We created graphics using various sources; cameras, illustration, hand-drawn typography and galley type, all pasted onto a board ready for platemaking like this:
It was a long laborious process, and thankfully it was gradually replaced by the Apple Macintosh.
I create pieces of artwork now that would have been impossible to do back then. Computerization has been a world changing event for my profession.
A few years ago I saw a movie on you tube that really got me thinking, here it is:
I thought back then: are we about to see a return to that drawing board? Are my children and perhaps even myself, at some point in the future going to work with an interface such as this, with the form-factor of that drawing board I used almost 20 years ago?
A welcome return certainly, but even I thought it was decades off, until I read this:
I firmly believe that this touch interface and the hardware it runs on will arrive eventually, and will seem light years ahead of even that YouTube video, which is really just a projected image from beneath, tracking your hand movements and relaying that to some pretty sophisticated software.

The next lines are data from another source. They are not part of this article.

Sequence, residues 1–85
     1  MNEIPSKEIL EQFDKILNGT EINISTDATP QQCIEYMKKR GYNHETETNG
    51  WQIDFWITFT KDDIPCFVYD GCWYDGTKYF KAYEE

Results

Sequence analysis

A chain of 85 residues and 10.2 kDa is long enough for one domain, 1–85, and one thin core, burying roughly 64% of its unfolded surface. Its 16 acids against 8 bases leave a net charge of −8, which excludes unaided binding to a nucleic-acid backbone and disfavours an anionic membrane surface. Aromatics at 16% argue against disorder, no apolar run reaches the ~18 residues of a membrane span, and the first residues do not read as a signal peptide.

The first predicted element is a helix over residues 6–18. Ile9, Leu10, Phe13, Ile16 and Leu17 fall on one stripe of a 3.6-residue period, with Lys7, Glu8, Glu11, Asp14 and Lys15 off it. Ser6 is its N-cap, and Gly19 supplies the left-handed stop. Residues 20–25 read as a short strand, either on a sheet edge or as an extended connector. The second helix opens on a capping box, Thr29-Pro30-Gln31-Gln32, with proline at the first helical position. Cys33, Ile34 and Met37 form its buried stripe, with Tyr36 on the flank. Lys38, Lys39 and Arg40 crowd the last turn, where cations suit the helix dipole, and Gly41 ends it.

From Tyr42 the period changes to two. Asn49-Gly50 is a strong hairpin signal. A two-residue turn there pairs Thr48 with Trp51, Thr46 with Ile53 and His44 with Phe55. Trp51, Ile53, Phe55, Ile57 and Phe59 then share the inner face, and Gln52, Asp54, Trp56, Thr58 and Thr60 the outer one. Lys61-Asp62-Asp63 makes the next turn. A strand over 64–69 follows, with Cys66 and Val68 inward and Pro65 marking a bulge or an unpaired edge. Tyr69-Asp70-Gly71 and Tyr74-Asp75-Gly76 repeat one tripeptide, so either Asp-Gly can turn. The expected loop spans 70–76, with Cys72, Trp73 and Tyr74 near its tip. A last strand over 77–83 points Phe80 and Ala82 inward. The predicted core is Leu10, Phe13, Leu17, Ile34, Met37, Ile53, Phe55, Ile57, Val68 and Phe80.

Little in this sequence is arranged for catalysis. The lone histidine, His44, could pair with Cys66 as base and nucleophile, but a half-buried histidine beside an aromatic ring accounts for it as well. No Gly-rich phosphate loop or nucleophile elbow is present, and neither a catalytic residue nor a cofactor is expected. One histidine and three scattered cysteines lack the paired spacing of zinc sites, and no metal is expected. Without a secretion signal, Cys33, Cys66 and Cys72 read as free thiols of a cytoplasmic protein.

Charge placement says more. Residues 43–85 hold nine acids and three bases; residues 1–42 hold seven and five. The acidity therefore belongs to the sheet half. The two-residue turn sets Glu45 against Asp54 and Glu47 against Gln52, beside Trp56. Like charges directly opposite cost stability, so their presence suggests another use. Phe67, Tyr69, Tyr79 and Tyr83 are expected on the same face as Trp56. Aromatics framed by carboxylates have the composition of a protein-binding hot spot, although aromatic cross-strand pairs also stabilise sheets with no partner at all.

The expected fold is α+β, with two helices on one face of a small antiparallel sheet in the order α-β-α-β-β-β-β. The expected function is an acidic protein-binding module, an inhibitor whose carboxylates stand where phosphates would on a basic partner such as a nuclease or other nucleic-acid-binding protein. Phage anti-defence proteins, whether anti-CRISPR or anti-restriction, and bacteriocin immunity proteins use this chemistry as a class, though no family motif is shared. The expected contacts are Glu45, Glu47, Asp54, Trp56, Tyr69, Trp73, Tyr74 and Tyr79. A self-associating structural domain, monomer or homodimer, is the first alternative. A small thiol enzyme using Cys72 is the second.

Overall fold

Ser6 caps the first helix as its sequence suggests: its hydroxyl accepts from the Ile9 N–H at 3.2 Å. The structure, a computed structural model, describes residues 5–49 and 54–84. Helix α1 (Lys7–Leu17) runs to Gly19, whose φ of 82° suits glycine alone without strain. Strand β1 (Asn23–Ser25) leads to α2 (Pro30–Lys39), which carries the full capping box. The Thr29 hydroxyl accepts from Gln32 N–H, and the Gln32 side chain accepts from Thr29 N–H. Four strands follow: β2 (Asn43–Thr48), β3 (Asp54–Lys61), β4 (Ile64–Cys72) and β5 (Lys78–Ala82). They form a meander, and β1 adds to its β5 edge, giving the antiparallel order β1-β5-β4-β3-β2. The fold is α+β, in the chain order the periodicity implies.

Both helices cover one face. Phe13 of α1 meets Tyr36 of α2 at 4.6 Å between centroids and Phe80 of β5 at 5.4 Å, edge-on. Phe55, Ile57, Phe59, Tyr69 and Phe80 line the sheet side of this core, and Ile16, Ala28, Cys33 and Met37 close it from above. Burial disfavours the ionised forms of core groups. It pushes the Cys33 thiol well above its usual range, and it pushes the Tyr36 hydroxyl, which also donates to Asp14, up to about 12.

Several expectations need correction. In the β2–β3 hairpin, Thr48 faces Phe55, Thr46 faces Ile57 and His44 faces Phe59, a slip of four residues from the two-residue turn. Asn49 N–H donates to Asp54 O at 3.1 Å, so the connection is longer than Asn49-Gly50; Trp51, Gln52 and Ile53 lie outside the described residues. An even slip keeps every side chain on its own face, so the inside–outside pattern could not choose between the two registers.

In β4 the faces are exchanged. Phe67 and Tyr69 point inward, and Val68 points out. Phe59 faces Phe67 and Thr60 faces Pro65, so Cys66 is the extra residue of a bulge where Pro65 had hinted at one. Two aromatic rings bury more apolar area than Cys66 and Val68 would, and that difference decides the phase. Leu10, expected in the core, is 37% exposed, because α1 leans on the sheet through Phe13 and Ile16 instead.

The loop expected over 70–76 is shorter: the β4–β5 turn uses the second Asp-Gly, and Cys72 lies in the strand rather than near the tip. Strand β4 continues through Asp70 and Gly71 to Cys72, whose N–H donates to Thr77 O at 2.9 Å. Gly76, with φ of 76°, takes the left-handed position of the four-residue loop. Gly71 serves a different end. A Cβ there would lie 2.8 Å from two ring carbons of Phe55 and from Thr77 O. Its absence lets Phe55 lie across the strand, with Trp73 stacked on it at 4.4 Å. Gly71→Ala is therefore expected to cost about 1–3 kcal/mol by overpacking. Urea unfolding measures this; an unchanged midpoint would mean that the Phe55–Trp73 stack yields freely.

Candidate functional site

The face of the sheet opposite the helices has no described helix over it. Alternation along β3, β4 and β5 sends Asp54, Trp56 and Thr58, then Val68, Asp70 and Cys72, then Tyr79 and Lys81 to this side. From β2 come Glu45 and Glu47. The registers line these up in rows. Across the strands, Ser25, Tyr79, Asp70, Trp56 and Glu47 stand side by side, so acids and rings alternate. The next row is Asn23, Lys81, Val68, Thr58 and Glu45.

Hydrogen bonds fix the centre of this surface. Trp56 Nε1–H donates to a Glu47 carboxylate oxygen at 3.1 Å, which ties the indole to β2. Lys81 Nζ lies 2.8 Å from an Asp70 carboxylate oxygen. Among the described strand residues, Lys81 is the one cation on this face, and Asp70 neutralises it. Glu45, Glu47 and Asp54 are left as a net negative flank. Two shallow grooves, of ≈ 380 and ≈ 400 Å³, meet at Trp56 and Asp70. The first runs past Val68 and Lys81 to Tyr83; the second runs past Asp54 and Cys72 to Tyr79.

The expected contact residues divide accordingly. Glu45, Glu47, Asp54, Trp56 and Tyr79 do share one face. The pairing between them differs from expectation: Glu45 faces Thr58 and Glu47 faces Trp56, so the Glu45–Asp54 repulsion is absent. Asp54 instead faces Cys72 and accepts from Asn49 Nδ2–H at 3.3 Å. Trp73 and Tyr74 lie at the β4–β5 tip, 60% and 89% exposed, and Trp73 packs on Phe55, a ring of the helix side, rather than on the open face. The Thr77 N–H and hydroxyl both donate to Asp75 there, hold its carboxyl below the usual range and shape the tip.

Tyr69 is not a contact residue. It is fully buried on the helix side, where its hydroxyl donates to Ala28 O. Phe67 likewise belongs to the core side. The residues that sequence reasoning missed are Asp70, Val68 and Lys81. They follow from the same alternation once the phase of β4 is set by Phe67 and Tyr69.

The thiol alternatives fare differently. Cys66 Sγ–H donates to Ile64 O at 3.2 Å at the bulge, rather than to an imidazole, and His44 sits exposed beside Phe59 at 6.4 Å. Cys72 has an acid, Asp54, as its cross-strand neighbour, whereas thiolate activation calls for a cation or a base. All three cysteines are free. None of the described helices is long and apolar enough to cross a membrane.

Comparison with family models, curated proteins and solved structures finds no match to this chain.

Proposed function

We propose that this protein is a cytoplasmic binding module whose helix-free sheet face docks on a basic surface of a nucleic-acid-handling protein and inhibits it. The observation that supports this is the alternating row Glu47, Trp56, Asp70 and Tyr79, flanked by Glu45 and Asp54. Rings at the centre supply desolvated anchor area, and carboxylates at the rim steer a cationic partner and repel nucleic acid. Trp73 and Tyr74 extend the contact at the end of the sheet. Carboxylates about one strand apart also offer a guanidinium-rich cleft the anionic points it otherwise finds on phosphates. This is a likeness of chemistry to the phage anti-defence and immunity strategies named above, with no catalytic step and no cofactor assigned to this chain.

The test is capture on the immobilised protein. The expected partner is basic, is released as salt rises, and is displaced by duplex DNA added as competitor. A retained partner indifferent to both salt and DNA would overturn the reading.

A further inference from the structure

But even I didn’t think it would be this year – if the rumour from Digitimes plays out.
That hardware, with Apple’s Touch Interface, connected to the iTunes AppStore for rock-solid reliability? That is a device that I’ve been waiting for all my life.
I remember a comment I read once concerning a question put to Steve Jobs along the lines of, “If you could release the Mac today, would you do anything differently?”
His answer was along the lines of, “I wouldn’t let anyone write software for it.”
I think his reasoning behind this statement, is the perennial problem that plagues computers: the fact that they are computers.
Anybody with minimal training can come along a write any software they like and release it into the wild. Users can then install it onto their computer and off they go.
This central premise lies at the heart of what a computer is – it runs software, both good and bad.